The Quilting Process

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I’ve been working on hand quilting this quilt. It’s been relaxing evening work while watching to (more like listening to) the television. I love hand quilting. It’s a good opportunity to get “back to the basics” and work on perfecting that tiny, regular stitch that I love so much. This quilt is coming right along, and I’m happy with it thus far. I’m not sure how I want to quilt the borders yet. Any ideas? Please share! The border ends about two inches from the bottom of the yellow bows, so there’s not a lot there to play with.

During the day on my week-long vacation I’ve been in the basement working on my machine quilting. I’ve only been machine quilting since July, and there is a large learning curve. My mom was a seamstress, and when she was teaching me how to sew she said over and over “Don’t watch the needle!” I’ve always followed that logic, but it doesn’t work when machine quilting. I’m learning how to follow a chalk lined pattern, as well as how to free-form quilt. It’s not as easy as it looks. I use a Pfaff Hobby Grand Quilter which I love for piecing. On the frame, I am still getting used to her (Millie is her name).

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If you look at the photo (right), you are looking at the needle area as I see it from sitting on a bar stool. I have made the chalk lines in the beige square darker so you can see them. See the two melons in the top part of the square? Now look at the needle shank area. Doing the left melon is difficult going backwards because of that huge glob of metal that blocks my vision. How do you get around that? Is there a smaller shank that can be used so you can see more of the fabric?

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I’m doing the feathers/daisies (or whatever you want to call them) in the corner pretty much freestyle. I’m learning, but it’s hard to get each one to look identical. As you can clearly see here. I’d like them to look the same size. I am using an 80/20 batting so that when the quilt is washed, it will pucker up. I love that look. Do you think the difference in the quilting on the corners will be as obvious when it’s washed? I need some feedback please, friends.

I’ve been visiting the Sharon Schamber website and looking at her free videos. She has a larger website with other more explicit instruction, but it requires payment of a fee. I think she’s smart to do that!!! I could really benefit from some quality instruction but don’t often get to big quilt shows where instructors teach these kinds of classes. If you’ve participated as a payer on her website, I’d love some feedback from that as well. I need to be able to justify spending money right now with this economy the way it is. I know you feel the pinch as well. If you know of another source for good machine quilting instruction, I’d love it if you’d share that as well.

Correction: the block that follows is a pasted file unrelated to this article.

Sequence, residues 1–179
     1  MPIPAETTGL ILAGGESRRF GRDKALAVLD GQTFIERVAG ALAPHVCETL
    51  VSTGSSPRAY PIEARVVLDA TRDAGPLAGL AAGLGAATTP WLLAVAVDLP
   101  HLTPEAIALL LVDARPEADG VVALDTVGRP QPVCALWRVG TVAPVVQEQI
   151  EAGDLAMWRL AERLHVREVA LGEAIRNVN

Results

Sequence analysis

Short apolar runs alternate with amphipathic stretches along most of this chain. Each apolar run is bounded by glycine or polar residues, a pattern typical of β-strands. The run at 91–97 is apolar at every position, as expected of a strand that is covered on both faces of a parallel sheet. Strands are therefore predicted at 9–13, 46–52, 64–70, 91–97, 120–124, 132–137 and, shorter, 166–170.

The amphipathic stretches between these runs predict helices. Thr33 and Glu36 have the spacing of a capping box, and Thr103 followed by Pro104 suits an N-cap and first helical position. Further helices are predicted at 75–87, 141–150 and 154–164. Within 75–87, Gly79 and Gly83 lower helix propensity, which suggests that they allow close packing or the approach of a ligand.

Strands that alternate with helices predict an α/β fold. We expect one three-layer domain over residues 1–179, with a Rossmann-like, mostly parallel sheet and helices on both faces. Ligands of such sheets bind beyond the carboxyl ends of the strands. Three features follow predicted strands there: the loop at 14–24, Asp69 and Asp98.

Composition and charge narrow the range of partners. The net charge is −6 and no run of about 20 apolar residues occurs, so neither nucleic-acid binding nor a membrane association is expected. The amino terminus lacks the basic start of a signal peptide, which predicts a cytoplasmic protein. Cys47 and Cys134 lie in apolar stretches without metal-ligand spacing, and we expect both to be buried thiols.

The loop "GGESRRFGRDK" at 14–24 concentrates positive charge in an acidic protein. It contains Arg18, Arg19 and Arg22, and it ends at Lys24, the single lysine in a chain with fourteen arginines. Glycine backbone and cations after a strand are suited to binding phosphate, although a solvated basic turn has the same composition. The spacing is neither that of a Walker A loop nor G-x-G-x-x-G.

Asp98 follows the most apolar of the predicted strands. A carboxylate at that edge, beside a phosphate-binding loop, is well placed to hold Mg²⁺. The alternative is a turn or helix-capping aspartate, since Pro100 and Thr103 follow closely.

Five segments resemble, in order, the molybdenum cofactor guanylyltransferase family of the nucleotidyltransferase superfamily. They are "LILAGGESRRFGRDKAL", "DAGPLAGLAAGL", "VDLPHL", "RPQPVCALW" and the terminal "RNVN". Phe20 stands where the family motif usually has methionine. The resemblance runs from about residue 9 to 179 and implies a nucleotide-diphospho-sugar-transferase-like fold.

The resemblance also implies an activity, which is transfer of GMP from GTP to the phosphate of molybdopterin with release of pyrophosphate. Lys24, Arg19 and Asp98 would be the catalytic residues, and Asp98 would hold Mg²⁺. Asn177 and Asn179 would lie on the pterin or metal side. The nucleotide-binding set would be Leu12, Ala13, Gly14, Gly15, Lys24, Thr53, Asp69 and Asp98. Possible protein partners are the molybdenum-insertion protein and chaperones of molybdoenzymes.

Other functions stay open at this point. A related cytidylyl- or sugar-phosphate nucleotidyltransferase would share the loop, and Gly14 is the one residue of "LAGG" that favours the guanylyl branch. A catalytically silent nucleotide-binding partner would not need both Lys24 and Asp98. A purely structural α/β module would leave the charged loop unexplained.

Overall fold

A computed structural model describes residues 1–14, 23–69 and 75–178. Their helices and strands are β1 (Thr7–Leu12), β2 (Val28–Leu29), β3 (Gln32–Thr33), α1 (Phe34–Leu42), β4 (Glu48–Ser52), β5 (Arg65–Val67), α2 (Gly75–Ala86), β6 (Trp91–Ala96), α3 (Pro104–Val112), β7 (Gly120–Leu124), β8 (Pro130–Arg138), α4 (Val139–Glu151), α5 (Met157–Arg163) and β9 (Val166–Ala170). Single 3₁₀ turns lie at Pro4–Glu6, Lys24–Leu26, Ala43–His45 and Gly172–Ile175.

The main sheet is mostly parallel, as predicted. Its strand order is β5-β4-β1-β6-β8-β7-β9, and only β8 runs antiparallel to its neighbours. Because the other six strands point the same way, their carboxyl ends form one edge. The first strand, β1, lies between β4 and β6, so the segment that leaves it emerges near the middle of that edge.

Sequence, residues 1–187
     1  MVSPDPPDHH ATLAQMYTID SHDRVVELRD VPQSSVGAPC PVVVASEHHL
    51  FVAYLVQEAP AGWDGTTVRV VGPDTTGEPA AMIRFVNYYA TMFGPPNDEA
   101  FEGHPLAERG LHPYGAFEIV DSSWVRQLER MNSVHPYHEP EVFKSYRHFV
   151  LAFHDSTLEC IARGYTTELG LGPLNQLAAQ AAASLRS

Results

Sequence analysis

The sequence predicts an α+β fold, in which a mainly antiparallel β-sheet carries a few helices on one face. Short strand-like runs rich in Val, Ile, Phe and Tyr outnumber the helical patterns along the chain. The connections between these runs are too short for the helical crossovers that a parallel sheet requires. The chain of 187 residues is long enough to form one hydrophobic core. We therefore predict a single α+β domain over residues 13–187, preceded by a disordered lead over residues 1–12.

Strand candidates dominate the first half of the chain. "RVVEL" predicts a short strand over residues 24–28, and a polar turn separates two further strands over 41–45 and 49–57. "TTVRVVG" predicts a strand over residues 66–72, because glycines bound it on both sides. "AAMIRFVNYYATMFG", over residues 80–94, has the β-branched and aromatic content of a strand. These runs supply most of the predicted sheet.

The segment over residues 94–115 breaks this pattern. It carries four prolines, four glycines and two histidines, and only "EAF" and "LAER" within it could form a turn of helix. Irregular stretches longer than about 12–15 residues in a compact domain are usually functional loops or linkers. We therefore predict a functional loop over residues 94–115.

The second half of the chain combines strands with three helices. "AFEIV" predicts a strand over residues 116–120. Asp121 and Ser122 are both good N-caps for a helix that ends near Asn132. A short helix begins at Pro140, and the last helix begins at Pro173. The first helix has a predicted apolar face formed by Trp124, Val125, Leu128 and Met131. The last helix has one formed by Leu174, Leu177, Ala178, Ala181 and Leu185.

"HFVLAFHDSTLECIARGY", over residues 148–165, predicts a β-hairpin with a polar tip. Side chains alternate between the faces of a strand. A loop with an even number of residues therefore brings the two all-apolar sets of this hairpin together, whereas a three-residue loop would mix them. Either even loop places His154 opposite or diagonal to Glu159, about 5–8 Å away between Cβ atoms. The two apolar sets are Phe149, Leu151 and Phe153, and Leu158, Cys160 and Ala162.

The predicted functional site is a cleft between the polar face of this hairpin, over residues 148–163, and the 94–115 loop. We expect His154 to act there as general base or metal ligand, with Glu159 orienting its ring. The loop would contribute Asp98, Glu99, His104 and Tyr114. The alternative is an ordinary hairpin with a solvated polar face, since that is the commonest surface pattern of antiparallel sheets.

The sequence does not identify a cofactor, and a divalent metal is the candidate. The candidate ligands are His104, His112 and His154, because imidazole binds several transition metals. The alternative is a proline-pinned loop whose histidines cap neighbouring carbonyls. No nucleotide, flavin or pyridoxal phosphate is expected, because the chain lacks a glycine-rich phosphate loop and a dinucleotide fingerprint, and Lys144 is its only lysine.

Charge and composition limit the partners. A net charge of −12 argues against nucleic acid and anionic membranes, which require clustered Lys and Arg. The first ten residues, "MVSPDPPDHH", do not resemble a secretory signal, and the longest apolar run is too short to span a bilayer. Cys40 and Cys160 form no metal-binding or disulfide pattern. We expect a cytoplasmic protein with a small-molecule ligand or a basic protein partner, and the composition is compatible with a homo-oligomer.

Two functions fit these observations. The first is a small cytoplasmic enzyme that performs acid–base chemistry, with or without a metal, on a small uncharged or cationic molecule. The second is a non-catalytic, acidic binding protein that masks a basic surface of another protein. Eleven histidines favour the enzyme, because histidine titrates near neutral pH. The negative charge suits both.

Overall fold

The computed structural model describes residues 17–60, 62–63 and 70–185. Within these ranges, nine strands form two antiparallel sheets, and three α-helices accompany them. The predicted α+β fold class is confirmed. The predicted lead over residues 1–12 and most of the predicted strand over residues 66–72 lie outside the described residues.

Off to the basement. Hello, Millie. Play nicely!

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2 thoughts on “The Quilting Process

  1. Hi Caron,What a lovely quilt!You might try using a finer thread to start off doing free-motion machine quilting. Somehow, the results are just more pleasing to the eye compared to a coarser thread. My favorite is the YLI#100 silk. Have a great weekend and enjoy playing! 🙂

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  2. Caron whereas I don’t know a thing about machine quilting I do think that the differences on your corners won’t be as noticable to others as to you also when you wash and dry and get that antique look it will help also I think. On your hand quilting project for the borders when I have an area that isn’t real wide I normally go for straight lines or crosshatch. I think I would first outline stitch the ribbon and bows then do the straight lines.Karenhttp://karensquilting.com/blog/

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